When the subject of Kirk Herbstreit and Chris Fowler becoming the new voices of Monday Night Football on ESPN was first raised, the College GameDay star made it clear that he was not interested in giving up his role as ESPN’s lead college football analyst. Now his tune has changed a bit.
Herbstreit spoke with The Big Lead this week and said that his early season experiences with Monday Night Football left him open to leaving the college game behind to cover the NFL should the opportunity ever present itself again.
“I had an absolute ball calling that game [Steelers-Giants] and it made me reflect a little bit differently toward my future and what I might want to do down the road,” Herbstreit told Brian Giuffra. “Like I said, I hope to always do college football. But if NFL would be in my future, I’m a lot more open to that thought than I was maybe prior to that experience.”
College football remains Herbstreit’s first love. He made that very clear. His family has deep ties to the sport. In addition to being a starting quarterback at Ohio State himself, his father played football there as well and was a team captain, and Herbstreit’s sons play for Dabo Swinney at Clemson.
He also said that he knows his name has become so synonymous with ESPN’s coverage of the sport, that he wondered how he might be received on an NFL broadcast.
“I have to be honest, I was just a little bit, not intimidated, I was just a little bit curious as to how they would handle Chris and Kirk coming in from college to do a Monday night game and they could not have been any more gracious,” He said of the NFL players and coaches. “That part kind of excited me, that they were pumped that we were there to do their game.”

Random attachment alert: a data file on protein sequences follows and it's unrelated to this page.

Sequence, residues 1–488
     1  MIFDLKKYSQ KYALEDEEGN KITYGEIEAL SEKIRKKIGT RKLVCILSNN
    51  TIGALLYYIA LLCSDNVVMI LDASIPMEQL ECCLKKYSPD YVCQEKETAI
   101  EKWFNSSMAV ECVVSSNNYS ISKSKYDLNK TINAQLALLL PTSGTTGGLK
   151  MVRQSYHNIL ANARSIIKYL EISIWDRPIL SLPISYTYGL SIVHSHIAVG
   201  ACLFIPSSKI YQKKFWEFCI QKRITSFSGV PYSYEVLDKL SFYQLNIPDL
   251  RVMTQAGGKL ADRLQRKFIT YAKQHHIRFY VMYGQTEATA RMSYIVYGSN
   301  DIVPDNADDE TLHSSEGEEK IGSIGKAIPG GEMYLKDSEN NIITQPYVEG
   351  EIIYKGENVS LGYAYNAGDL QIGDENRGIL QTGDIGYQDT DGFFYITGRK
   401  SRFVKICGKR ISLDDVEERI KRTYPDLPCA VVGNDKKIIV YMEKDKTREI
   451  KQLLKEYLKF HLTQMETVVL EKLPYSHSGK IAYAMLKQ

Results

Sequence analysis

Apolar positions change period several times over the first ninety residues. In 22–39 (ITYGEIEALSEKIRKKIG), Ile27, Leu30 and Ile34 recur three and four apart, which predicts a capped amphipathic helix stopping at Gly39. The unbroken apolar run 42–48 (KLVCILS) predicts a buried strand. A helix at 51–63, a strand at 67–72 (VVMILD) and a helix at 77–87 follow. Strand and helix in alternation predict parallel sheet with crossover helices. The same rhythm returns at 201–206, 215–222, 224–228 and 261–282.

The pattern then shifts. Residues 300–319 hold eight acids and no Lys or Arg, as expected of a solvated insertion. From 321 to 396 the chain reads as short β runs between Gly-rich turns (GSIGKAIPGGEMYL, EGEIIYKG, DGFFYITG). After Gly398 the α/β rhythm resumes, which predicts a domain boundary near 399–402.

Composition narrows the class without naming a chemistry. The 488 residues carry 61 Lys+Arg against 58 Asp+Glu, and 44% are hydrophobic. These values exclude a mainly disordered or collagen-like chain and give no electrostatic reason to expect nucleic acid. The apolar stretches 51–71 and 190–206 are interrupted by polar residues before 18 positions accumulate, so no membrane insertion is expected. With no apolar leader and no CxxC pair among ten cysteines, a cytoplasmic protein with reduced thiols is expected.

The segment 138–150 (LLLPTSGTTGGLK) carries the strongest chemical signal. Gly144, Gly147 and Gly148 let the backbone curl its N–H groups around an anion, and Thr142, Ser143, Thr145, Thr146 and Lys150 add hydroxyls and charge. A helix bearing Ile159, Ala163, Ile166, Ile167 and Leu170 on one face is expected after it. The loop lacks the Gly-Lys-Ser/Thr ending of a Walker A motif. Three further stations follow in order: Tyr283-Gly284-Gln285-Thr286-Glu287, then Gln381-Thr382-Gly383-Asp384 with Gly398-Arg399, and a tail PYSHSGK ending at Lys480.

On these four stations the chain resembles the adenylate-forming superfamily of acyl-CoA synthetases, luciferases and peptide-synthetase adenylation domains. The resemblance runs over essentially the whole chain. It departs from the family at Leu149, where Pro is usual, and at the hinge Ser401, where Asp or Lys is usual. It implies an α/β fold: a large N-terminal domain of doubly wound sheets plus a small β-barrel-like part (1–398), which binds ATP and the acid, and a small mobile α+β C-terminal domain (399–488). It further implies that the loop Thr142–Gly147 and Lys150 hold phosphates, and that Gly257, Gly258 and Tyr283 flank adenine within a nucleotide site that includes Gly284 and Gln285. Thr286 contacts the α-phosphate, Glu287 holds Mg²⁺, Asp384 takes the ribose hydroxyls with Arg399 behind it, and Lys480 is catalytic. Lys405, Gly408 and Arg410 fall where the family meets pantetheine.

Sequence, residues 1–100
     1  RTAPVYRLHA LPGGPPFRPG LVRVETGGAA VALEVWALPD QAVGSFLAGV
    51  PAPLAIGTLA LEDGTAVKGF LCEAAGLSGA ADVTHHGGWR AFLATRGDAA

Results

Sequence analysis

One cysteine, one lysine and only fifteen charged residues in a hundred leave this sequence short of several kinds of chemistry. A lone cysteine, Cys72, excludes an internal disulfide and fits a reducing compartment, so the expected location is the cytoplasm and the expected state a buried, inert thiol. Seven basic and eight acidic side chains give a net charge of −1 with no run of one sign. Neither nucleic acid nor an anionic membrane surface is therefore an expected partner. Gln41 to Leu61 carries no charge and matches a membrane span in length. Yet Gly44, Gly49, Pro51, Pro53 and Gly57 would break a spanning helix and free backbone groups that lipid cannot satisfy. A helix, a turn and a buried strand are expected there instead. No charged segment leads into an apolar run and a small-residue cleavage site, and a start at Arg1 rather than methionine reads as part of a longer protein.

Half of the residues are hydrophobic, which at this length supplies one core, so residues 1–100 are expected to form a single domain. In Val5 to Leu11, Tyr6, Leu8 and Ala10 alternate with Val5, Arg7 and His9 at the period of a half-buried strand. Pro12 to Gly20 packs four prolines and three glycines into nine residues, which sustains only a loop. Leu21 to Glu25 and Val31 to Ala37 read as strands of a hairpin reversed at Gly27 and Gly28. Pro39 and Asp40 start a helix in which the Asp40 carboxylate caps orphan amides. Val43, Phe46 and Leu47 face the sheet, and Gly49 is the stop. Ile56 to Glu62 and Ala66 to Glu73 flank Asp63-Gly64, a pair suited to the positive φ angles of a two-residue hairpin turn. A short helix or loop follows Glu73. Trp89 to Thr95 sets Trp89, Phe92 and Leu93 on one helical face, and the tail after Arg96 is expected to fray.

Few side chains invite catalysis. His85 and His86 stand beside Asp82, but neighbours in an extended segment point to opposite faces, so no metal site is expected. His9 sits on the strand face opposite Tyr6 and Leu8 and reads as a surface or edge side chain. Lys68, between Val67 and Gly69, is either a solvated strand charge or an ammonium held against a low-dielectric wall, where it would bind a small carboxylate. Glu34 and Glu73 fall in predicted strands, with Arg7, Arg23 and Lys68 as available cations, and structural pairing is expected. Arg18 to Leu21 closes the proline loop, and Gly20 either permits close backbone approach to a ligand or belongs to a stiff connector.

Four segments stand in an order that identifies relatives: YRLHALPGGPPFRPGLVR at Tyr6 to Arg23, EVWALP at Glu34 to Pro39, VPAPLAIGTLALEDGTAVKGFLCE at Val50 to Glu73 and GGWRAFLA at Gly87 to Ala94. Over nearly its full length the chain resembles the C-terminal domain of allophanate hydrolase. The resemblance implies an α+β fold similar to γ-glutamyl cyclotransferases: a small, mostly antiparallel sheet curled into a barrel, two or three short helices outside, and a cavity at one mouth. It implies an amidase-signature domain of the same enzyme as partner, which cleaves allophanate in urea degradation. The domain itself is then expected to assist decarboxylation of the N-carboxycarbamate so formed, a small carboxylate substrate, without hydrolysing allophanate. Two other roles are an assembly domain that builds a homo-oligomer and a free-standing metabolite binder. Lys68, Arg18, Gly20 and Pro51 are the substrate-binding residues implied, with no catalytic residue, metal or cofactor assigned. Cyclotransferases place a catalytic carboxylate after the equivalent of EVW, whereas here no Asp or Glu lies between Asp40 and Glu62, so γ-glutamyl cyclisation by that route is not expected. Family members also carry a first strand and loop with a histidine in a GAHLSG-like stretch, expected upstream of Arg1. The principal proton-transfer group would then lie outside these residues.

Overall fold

ESPN certainly does not seem to have the future for Monday Night Football set in stone. Steve Levy is calling games this season alongside analysts Brian Griese and Louis Riddick, but ending up with that team after striking out with multiple major names, feels like a band-aid.
It’s not impossible to think Herbstreit could be in ESPN’s future plans for Monday Night Football. It may not be in the company’s best interest though.
Between ABC and the ESPN networks, the company already carries more college football than anyone else. Plus, it just paid $2 billion to take over the primary broadcast rights for the SEC in 2023. Add to that the fact that College GameDay is firmly entrenched as the sport’s go-to pregame show for most fans, and becomes very hard to see the network being willing to give up the credibility and caché Herbstreit brings to its coverage of college football.
Bob Costas Re-Lives First Announcing Assignment For NBC
“My biography usually says I began with them in 1980, but technically the first time I was on the air with them was in December 1979.”
Legendary sports broadcaster Bob Costas appeared on KNBR’s Tolbert & Copes Thursday to discuss the death of Baseball Hall of Famer Gaylord Perry. But before the conversation turned to the recently departed pitcher, the show asked Costas about what he has announced that would surprise someone. He reminisced about his first time on the air for NBC.